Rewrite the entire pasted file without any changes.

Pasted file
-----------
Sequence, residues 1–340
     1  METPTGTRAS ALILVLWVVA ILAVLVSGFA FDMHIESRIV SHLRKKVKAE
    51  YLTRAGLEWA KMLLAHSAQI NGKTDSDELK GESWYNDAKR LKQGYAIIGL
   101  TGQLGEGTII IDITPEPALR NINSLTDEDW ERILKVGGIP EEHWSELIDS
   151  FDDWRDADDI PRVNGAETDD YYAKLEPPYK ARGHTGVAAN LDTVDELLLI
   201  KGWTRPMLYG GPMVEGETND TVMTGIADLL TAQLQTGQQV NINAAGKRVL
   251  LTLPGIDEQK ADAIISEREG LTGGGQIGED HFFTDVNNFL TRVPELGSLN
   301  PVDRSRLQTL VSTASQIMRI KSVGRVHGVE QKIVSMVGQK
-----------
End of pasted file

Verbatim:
Sequence, residues 1–340
     1  METPTGTRAS ALILVLWVVA ILAVLVSGFA FDMHIESRIV SHLRKKVKAE
    51  YLTRAGLEWA KMLLAHSAQI NGKTDSDELK GESWYNDAKR LKQGYAIIGL
   101  TGQLGEGTII IDITPEPALR NINSLTDEDW ERILKVGGIP EEHWSELIDS
   151  FDDWRDADDI PRVNGAETDD YYAKLEPPYK ARGHTGVAAN LDTVDELLLI
   201  KGWTRPMLYG GPMVEGETND TVMTGIADLL TAQLQTGQQV NINAAGKRVL
   251  LTLPGIDEQK ADAIISEREG LTGGGQIGED HFFTDVNNFL TRVPELGSLN
   301  PVDRSRLQTL VSTASQIMRI KSVGRVHGVE QKIVSMVGQK